What follows is a list of U.S. states by GDP and GDP per capita in 2010. The “right to work” states are indicated in boldface.
|Rank||GDP||Pct. of US||Pop.||GDP Per||Rank Per|
|3 New York||1,156,500||7.68||19.4||57,423||6|
|7 New Jersey||497,000||3.42||8.8||56,477||7|
|10 North Carolina||407,400||2.81||9.5||42,884||30|
|27 South Carolina||164,300||1.13||4.6||35,717||47|
|37 New Mexico||75,500||0.52||2.1||35,952||46|
|39 West Virginia||66,600||0.46||1.9||35,053||48|
|41 New Hampshire||61,600||0.42||1.3||47,385||21|
|44 Rhode Island||49,500||0.34||1.1||45,000||25|
|46 South Dakota||39,900||0.27||0.8||49,875||15|
|49 North Dakota||33,400||0.23||0.7||47,714||19|
Of the top ten states by total GDP, four are “right-to-work” states; of the top twenty, eight are “right to work”; of the top thirty, 14 are “right to work.”
In contrast, of the top ten states by per-capita GDP, two are “right to work” states”; of the top twenty, seven are “right to work” states; of the top thirty, thirteen are “right to work.”
Moreover, of the nine “right to work” states in the top twenty-five states in total GDP, all but Virginia rank 20 or more spots lower in per-capita GDP.
So there is a clear pattern here: the difference between the “right to work states” the “pro-labor” states is more pronounced in terms of per-capita GDP than in terms of total GDP: that is, any economic gains reflect population growth and not increased wealth across the population.
This difference has a corollary in both the lower average wages and the higher numbers of low-wage jobs in “right to work” states. The “average” worker may find it somewhat easier to find employment in at least some of the “right to work” states, but it may be more difficult to find employment that pays a living wage. Notably, among the “right to work” states, Virginia’s singularly high rank in both total GDP and per-capita GDP seems related to, if not directly reflective of, the large percentage of well paid and largely unionized federal workers in the densely populated northern counties surrounding Washington, D.C.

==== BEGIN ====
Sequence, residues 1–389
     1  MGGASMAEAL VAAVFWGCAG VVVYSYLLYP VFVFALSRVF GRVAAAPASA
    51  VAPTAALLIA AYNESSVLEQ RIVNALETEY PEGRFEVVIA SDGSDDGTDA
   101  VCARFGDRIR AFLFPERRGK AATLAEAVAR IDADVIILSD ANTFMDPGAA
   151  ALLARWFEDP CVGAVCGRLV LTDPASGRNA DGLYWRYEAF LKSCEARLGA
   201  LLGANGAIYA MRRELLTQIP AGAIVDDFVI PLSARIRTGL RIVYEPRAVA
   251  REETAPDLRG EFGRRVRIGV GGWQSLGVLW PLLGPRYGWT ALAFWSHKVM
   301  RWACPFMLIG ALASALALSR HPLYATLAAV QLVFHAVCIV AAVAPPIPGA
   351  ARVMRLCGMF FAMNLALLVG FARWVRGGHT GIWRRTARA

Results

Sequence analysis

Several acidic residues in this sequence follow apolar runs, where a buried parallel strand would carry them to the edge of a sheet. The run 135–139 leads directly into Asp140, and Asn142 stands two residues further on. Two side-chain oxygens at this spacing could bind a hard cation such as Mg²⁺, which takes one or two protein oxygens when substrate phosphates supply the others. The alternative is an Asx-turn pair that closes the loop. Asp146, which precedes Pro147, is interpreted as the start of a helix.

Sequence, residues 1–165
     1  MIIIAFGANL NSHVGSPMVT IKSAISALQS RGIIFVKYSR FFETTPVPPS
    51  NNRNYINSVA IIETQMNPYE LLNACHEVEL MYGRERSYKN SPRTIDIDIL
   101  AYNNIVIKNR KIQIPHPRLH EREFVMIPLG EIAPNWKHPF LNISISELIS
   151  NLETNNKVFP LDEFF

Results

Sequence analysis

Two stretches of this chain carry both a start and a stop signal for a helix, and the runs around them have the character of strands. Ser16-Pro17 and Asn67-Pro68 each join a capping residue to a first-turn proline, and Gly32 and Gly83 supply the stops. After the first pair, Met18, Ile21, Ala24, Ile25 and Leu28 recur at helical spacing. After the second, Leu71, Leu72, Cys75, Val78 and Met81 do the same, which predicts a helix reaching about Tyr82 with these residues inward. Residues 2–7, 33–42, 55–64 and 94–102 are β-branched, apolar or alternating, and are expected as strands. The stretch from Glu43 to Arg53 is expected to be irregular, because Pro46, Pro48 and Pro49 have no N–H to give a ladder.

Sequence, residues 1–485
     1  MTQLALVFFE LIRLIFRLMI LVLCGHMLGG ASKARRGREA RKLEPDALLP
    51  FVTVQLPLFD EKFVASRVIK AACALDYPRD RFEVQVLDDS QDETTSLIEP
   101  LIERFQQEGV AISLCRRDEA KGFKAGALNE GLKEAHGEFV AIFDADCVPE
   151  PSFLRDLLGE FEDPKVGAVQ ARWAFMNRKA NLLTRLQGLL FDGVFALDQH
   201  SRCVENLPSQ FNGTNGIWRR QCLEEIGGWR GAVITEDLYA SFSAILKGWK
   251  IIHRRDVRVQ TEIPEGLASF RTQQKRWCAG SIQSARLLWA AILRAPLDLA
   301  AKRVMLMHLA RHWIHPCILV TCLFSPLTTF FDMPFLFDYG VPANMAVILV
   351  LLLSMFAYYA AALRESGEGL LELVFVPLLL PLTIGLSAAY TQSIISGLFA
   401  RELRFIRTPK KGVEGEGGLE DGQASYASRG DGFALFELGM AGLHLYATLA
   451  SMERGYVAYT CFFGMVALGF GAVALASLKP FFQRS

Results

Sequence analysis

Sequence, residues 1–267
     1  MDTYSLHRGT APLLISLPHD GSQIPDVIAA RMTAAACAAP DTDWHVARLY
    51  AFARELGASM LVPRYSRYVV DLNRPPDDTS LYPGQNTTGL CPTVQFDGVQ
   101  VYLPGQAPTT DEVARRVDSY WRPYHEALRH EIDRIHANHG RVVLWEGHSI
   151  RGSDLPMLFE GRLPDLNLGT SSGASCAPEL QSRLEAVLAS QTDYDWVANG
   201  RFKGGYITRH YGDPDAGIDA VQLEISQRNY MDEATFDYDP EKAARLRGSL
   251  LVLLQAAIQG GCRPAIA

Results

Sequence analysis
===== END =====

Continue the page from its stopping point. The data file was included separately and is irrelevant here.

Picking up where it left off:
Most tellingly, between 2004 and 2010, there was almost no movement in the rankings by either total GDP or per-capita GDP. Michigan experienced a drop of several places in both categories, and three other pairs of states simply switched places in terms of total GDP. So, in terms of total GDP and especially in terms of per-capita GDP, there is very little evidence that the “right to work” states have made appreciable economic gains on the “pro-labor” states.
Previous posts in this series have included:
Part 1: Population Growth and Movement: https://academeblog.org/2013/04/03/2666/
Part 2: Immigration: https://academeblog.org/2013/04/21/right-to-work-by-the-numbers-part-2/
Part 3: Unemployment Rates, by State: https://academeblog.org/2013/04/30/right-to-work-by-the-numbers-part-3/
Part 4: Historic Highs and Lows in Unemployment, by State: https://academeblog.org/2013/05/05/right-to-work-by-the-numbers-part-4/
Part 5: Employment in Manufacturing: https://academeblog.org/2013/05/10/right-to-work-by-the-numbers-part-5/
Part 6: Loss of Employment in Manufacturing, before and during the Great Recession: https://academeblog.org/2013/07/21/right-to-work-by-the-numbers-part-6/
My other posts on “right to work” have included:
“Right to Work Isn’t Going Away, at Least for the Moment”: https://academeblog.org/2012/09/07/right-to-work-isnt-going-away-at-least-for-the-moment/
“Right to Work Is an Insult to Intelligence”: https://academeblog.org/2012/12/11/right-to-work-is-an-insult-to-intelligence/
“Right to Work Is an Insult to Intelligence, Addendum”: https://academeblog.org/2012/12/12/right-to-work-is-an-insult-to-intelligence-addendum/
“Right to Work Introduced in the Ohio House”: https://academeblog.org/2013/05/01/right-to-work-bills-introduced-in-ohio-house/